Probably the second biggest roadblock for developing mobile apps is the cost of hardware (the first, of course, is the time). Devices are expensive and it’s tough to keep up. My current testing livery of devices is actually quite limited. Indeed, some of my devices are not longer supported by their manufacturers or myself.
Despite the difficulty of maintaining an adequate device livery, you need the devices for testing. In a previous post, I mentioned that I’m migrating my app from OpenGL ES 1.1 to OpenGL ES 2.0. All of my currently-supported devices support 2.0 (and in some cases 3.0). That sounds like things should be just fine. Well, they don’t have the exact same graphics card or OS – which will lead to horrible surprises.
I have one older iPod Touch which on iOS 6. Having this particular device saved my bacon for the last release of one of my apps. It turns out that the software ran just find on all of my devices except that iPod Touch. Talk about panic! It wasn’t an easy fix either; it required a rewrite of a major portion of my code to work correctly.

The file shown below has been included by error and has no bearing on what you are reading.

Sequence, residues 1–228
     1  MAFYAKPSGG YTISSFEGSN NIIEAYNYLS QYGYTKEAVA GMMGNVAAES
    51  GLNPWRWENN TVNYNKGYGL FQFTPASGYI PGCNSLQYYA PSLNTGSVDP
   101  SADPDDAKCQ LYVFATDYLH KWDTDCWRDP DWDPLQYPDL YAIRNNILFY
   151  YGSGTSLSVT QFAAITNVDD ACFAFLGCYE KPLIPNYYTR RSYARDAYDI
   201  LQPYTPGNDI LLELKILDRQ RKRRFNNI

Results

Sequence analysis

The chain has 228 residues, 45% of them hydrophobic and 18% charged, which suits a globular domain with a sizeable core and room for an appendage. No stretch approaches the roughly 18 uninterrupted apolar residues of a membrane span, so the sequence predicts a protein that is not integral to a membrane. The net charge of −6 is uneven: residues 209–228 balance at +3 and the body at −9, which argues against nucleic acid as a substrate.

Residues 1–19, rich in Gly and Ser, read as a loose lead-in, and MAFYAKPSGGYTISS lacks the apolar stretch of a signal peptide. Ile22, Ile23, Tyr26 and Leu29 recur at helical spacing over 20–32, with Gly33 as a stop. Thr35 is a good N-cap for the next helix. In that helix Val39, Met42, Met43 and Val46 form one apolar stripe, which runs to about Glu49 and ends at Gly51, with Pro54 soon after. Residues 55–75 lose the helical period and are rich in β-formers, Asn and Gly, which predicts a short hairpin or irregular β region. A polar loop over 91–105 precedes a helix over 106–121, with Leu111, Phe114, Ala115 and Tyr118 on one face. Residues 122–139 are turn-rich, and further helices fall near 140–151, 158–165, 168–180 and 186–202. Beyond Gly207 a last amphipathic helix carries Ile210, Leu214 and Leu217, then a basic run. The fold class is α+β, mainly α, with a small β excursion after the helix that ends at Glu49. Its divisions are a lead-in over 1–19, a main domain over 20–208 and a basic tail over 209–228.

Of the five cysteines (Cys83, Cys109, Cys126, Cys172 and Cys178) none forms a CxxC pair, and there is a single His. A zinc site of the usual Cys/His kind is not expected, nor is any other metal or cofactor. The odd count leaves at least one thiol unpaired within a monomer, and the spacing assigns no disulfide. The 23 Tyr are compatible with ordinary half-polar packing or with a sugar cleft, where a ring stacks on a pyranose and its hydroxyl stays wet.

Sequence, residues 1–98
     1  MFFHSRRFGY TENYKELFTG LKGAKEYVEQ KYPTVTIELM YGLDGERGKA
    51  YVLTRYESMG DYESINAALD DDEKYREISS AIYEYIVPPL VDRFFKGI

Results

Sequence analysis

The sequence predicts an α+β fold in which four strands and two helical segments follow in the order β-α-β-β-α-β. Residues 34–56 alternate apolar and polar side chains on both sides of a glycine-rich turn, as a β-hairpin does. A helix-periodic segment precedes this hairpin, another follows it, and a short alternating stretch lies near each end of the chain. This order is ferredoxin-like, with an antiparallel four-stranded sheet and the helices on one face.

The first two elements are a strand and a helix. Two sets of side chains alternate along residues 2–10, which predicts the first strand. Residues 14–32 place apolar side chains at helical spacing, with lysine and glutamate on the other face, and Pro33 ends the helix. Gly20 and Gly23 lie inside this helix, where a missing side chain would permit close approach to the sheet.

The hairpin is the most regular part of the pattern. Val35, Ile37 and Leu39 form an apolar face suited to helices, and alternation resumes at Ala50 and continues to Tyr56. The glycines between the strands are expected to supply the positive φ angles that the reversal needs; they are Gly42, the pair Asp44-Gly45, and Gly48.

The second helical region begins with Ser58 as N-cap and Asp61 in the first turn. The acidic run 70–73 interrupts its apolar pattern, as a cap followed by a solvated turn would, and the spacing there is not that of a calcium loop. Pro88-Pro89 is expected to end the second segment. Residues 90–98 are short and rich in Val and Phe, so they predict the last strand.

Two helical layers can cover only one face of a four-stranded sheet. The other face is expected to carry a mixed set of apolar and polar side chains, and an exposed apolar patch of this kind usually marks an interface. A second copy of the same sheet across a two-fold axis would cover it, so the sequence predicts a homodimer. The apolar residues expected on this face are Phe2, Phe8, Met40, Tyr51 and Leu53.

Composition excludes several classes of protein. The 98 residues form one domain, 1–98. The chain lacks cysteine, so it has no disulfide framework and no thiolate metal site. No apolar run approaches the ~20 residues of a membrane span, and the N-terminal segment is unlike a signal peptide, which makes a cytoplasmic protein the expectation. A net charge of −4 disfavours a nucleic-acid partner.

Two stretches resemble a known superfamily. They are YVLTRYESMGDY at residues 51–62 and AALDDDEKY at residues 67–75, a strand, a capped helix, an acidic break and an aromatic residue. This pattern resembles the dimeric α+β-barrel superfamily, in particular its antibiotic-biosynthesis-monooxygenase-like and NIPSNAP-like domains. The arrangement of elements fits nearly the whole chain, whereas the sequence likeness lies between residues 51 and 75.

Well, in my testing for parts of my OpenGL ES transition code, I decided to try the old iPod again… and wouldn’t you know, code I thought was working fine rendered completely wrong! It turns out there was a bug in the OpenGL code that apparently didn’t manifest in the newer devices or on the simulator.
Realistically, you can get away with a smaller livery of devices under some conditions. For example, if you don’t use any low-level code and stick with the high-level user interface APIs you’re more likely to still have a stable app on many devices. Getting into the lower-level stuff will likely cause more problems particularly in the short run as you develop, and in the long run when devices you didn’t test start reporting issues.
Just to add to the above, I don’t count the xCode simulator as a device. I have code that works perfectly in the simulator and does not run correctly AT ALL on any device. After all, the simulator is actually MacOS X OS and hardware, not mobile. As a consequence, successful rendering in the simulator will not always translate to a device. The first time you encounter this issue it is a rude awakening. However, it shouldn’t be a surprise since all of Apple’s OpenGL ES debugging tools only work on devices, not the simulator.
This gets back around to why my apps have yet to be ported to Android. I only have a couple devices that use that platform for testing out of the many MANY devices out there… it’s a tad scary…